This thread is a companion to the Cost Comparison of Chlorine Sources thread here. This thread compares the costs and pros/cons of different methods of adding Cyanuric Acid (CYA) to the pool.
Cyanuric Acid is sold at Leslie's online here for $36 for 8 pounds or $4.50 per pound [EDIT] see posts below for prices as low as $3.10 per pound [END-EDIT]. It is nearly 100% pure, but dissolves very slowly and is somewhat acidic. If put into a sock or panty hose and hung over a return flow or put into a skimmer sock in the skimmer (with the pump running 24/7) it can dissolve in a day or two instead of a week [EDIT] see posts below as it can dissolve faster than that if physically squeezed and helped along [END-EDIT]. One pound of CYA increases the CYA by 12.0 ppm in 10,000 gallons.
Natural Chemistry's Instant Pool Water Conditioner shown here has one gallon add 40 ppm CYA to 10,000 gallons. It is sold at InTheSwim online here for $25 per gallon. It readily disperses into water and is relatively pH neutral -- slightly alkaline.
From the chlorine cost comparison thread, Trichlor is $2.20 per pound while Dichlor is $2.60 per pound. One pound of Trichlor increases the FC by 11.0 ppm and the CYA by 6.7 ppm in 10,000 gallons. One pound of Dichlor (dihydrate) increases the FC by 6.6 ppm and the CYA by 6.0 ppm in 10,000 gallons.
So the cost per 1 ppm CYA in 10,000 gallons is as follows for each source:
Cyanuric Acid ........................... $4.50 / 12.0 = $0.375 [EDIT] $3.10 / 12.0 = $0.258 see posts below [END-EDIT]
Instant Pool Water Conditioner .... $25 / 40.0 = $0.625
Trichlor ...................................... $2.20 / 6.7 = $0.328
Dichlor ....................................... $2.60 / 6.0 = $0.433
I need to add the cost of Borax to compensate for the acidity of Cyanuric Acid, Trichlor and Dichlor (I'll edit this post later), but essentially you can see that Trichlor is least expensive and you get addition of chlorine as well, but it is slow to dissolve. Dichlor is fast dissolving and you also get chlorine so is probably the most economical way to quickly add CYA.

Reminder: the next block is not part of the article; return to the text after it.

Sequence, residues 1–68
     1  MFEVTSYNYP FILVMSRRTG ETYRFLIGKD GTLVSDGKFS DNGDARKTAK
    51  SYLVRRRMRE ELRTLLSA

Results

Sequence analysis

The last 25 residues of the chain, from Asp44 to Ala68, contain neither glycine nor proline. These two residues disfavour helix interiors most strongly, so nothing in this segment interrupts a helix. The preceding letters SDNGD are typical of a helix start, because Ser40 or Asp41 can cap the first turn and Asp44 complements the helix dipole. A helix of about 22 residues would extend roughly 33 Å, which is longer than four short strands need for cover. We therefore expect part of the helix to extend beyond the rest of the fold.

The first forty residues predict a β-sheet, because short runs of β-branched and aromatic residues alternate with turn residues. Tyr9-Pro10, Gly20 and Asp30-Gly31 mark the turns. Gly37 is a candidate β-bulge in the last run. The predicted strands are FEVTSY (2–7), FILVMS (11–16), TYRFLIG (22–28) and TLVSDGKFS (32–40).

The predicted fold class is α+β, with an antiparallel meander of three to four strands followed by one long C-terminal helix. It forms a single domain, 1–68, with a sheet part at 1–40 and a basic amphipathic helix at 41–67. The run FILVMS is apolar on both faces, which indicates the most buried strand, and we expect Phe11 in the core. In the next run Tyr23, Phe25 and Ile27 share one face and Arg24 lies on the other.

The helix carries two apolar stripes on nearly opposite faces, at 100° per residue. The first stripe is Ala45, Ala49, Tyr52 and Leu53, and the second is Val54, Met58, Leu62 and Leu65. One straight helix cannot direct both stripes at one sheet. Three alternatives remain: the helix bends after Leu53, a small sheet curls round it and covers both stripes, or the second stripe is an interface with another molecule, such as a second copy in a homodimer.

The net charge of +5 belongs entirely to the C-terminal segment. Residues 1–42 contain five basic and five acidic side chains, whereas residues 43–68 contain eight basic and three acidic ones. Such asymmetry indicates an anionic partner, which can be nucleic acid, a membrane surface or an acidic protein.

For the 1 ppm CYA rise in 10,000 gallons, Cyanuric Acid needs 1.7 ounces weight of Borax to maintain pH. Trichlor, after chlorine gets consumed, needs 8.0 ounces weight of Borax to maintain pH. Dichlor, after chlorine gets consumed, needs 3.8 ounces weight of Borax to maintain pH. I found 20 Mule Team Borax for $4 per box (76 ounces) on Amazon. So one needs to add $0.09 to the Cyanuric Acid price, $0.42 to the Trichlor price, and $0.20 to the Dichlor price for a more accurate comparison.
If I use Arm & Hammer Super Washing Soda instead of Borax, then Amazon sells a 55 ounce box for $2.70 (shipping is high, but some grocery stores had it for this price as well). In this case pure Cyanuric Acid needs 0.86 ounces weight of Washing Soda, Trichlor needs 4.0 ounces, Dichlor needs 1.9 ounces. So one needs to add $0.04 to the Cyanuric Acid price, $0.20 to the Trichlor price, and $0.09 to the Dichlor price.
Another alternative for raising pH and similar to Borax in not raising the TA as much is Lye (Caustic Soda) which can be obtained for around $3 per pound. For the amounts as indicated above, pure Cyanuric Acid needs 0.35 ounces weight of Lye, Trichlor needs 1.6 ounces while Dichlor needs 0.77 ounces, so this adds $0.07 to the Cyanuric Acid price, $0.30 to the Trichlor price and $0.14 to the Dichlor price. So this is less expensive than Borax, but more expensive than Super Washing Soda.
To be fair, we should subtract the price of the least expensive chlorine from the Trichlor and Dichlor since you do end up adding both chlorine and CYA with these sources. From the chlorine cost comparison page, the cheapest source of chlorine was Trichlor (not counting the Borax required to maintain pH) so essentially using Trichlor pucks/tabs to add CYA it costs incrementally $0.42 which is still higher than pure CYA. Dichlor incrementally costs $0.433 - $0.328 + $0.20 = $0.31 (or $0.20 if using Washing Soda for pH adjustment) so not that much different than pure CYA (depending on where you get it).
So considering everything, both pure CYA and Dichlor are reasonable alternatives, with the latter being reasonable when you aren't in as much of a rush and can increase the CYA as part of regular chlorine addition (or for shocking, if that was to be done anyway). Of course, going away on a trip and using Trichlor pucks in a feeder also work (more expensively) if one is not in a rush to increase CYA quickly. Sounds like a personal choice to me.